NASHVILLE (BP) — This weekly Bible study appears in Baptist Press in a partnership with LifeWay Christian Resources of the Southern Baptist Convention. Through its Leadership and Adult Publishing team, LifeWay publishes Sunday School curricula and additional resources for all age groups.
This week’s Bible study is adapted from the YOU curriculum.
Bible Passage: John 2:1-11
Discussion Questions: Who or what do we rely on rather than Jesus? Why do we think those people or things can meet our needs better than He can? Why is adjusting our plans sometimes so hard for us? When have you stubbornly decided to stick with your idea of doing something instead of submitting to another idea? How did that turn out for you?
Food for Thought:
Hope is hard to come by in our society today. We constantly confront pain and agony, chaos and confusion. Finding true peace or faith is difficult. People have no passion. And nothing is worth your passion unless you have Christ. If you have Christ, you have hope.
In John 2:1-11, we discover a need expressed, a solution sought, and a sign given as Jesus and His disciples took a break from the demands of His work. They were at a wedding in Cana, a Galilean town not far from Jesus’ home in Nazareth when the wine for the celebration ran out. Running out of wine at such a celebration was a “big deal” in first-century Jewish life. It would have been seen as poor hospitality on the part of the host.
Jesus’ mother, Mary, was also in attendance at the wedding and immediately sprang into action. She knew Jesus was their only hope in the moment and that He alone could solve the problem. Mary demonstrated measures of both faith and hope in approaching Jesus. Her example is worth following for us today. Not only can Jesus meet any need in our lives, but He also wants us to come to Him with our problems and challenges. He loves us and longs for us to ask for His help.
Jesus had to balance His mother’s request with His Father’s plan. While His mother’s authority would not have necessarily extended to a public gathering, He recognized the sincerity of her need. His reference to “my hour has not yet come” (v. 4) was a reminder that every endeavor He undertook reflected who He was and why He had come. It was, first and foremost, a statement about His relationship with His Father, not with any member of His earthly family. His hour was still in the future. He would glorify the Father through honoring Mary’s request, but the ultimate act of glorifying God would come on the cross and through the empty tomb. With that understanding made clear, Mary recognized Jesus’ willingness to honor her request and meet the need at hand.
Jesus went straight to work providing an answer to Mary’s request (vv. 7-8). He instructed servants to fill six large jars to the brim with water. By doing so, any doubt about the source of the miracle about to occur was removed. There was no possibility that some wine was added to the water. Instead, Jesus changed every drop of water in the jars to wine. He had done what no one expected. He had transformed the water into wine –– and not just any wine but a quality of wine that surpassed the original.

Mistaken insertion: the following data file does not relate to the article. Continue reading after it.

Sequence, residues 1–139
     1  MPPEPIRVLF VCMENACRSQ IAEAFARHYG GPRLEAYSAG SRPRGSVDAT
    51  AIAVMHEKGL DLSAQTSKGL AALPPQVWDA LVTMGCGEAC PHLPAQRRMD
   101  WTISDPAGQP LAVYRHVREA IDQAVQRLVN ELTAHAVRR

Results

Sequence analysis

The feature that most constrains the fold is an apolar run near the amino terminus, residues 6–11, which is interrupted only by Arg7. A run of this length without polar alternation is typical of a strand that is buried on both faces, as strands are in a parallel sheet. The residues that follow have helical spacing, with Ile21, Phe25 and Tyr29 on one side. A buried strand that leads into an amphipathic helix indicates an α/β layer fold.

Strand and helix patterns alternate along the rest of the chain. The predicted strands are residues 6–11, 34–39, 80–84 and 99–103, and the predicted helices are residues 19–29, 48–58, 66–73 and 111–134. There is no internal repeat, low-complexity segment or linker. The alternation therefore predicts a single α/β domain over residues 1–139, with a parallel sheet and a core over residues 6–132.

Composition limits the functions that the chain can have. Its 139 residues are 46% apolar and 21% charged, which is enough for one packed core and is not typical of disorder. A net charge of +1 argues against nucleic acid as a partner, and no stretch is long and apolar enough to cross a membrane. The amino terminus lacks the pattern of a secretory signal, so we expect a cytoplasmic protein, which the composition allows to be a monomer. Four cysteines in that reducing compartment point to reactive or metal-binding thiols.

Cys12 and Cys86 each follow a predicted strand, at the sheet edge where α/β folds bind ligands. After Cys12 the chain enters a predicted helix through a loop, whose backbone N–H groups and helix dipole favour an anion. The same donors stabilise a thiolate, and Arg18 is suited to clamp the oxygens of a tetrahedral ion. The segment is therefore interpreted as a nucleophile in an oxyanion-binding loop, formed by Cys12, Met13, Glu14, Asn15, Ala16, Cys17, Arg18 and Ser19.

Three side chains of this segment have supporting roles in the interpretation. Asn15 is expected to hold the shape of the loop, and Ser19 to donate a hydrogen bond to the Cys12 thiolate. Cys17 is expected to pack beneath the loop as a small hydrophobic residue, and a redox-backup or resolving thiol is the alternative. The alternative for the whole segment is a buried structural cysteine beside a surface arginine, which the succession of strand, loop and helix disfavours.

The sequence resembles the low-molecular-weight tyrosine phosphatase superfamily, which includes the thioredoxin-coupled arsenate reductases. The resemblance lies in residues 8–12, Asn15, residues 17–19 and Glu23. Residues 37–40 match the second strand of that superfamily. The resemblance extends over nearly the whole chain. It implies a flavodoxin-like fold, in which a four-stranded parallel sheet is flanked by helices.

John pointed out that this was Jesus’ first “sign” or miracle. He used the term in his Gospel to describe more than just a miracle. To him a sign was a supernatural work that identified Jesus as the Messiah. By changing the water into wine, Jesus displayed His glory and revealed His identity in a way He had not done previously (see John 1:14). This miracle also convinced His disciples to believe in Him. When Jesus provides hope today, He glorifies Himself and gives people the opportunity to respond to Him in belief.
You probably don’t need water turned into wine, but you certainly have at least one area of your life where you could really use God to move. This lesson should spark hope in you. It should remind you that Jesus loves you and wants to do incredible things in your life. Take every difficult situation to Him in prayer and trust Him with the results. That’s what hope is all about. You have that hope. Hang onto it, and share it with someone else this week.
We live in a real world with real hurts. Many people have experienced financial setbacks. Others have suffered the grief of losing a child, spouse or other loved one. Some are in the midst of major health issues. Still others may feel their spouses don’t understand them, or the friends they thought they could count on the most let them down. Pain is real and ignoring it will not make it vanish magically. The pain is still there. There are Christians who pretend that things are fine when in fact they are hurting. But doing so could actually hurt their witness to others.
In a shifting cultural context, it’s more important than ever before that people connect, grow, serve, and go in their Christian life. YOU is committed to doing just that by providing a complete Bible study experience for small groups and classes. Every session is written through an urban and multicultural lens that provides relevant, engaging, and applicable studies that not only encourage and equip people, but also motivate them to mission. This flexible, non-dated all-in-one quarterly resource offers weekly Bible study for leaders and learners, devotionals, and teaching plans, as well as articles on hot topics and missions. For additional online teaching resources, visit LifeWay.com/YOU.